Friday, October 22, 2010

Understanding The internal access specifier in c Sharp.

The internal access specifier allows a class to expose its member variables and member functions to other functions and objects। Any member that is declared internal can be accessed from any class or method defined within the application in which the member is defined. The default access specifier for a class is internal.

The following is an example of the use of the internal access specifier:

using System;
class Car
{
private string CarColor; //since the variable is private, it cannot be accessed outside the class defination.
internal void Honk()
{
Console.WriteLine("BEEP BEEP!");
}
}
class Bike
{
internal string BikeColor; // since the variable is internal, it can be accessed outside the class defination.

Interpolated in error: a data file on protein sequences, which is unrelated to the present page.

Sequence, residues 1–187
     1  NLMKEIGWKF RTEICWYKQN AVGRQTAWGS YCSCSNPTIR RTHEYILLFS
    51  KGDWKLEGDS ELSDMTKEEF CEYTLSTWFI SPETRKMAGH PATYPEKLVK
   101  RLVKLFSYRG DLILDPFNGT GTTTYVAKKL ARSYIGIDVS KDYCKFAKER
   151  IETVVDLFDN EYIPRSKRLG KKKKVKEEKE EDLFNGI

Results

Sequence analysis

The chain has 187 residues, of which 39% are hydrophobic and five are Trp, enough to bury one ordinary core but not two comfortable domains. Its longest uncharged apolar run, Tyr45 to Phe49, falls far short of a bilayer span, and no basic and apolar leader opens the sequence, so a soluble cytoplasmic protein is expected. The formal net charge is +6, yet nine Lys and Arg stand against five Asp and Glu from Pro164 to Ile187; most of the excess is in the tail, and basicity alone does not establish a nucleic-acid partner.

}
class Result
{
static void Main(string[] args)
{
Car Ford = new Car();
Bike Honda = new Bike();
//Ford.CarColor = "red"; //Error! cannot access private members.

Honda.BikeColor = "Blue";
Ford.Honk(); // Displays BEEP BEEP!
Console.ReadLine();
}
}


Note: The CarColor variable cannot be accessed from any function outside the car class. On the other hand, the BikeColor variable is an internal member. Hence, it can be accessed from outside the class. Also, the Honk() function will be accessible from anywhere in the program and can be accessed by using the objects of the Car class.


C Sharp Access specifier Related Contents.

Understanding the public Access specifier in c#:
Understanding The private access specifier in c Sharp.
Understanding The protected access specifier in c Sharp.
understanding the protected internal Access Specifier in c#:
if...else construct in c sharp.

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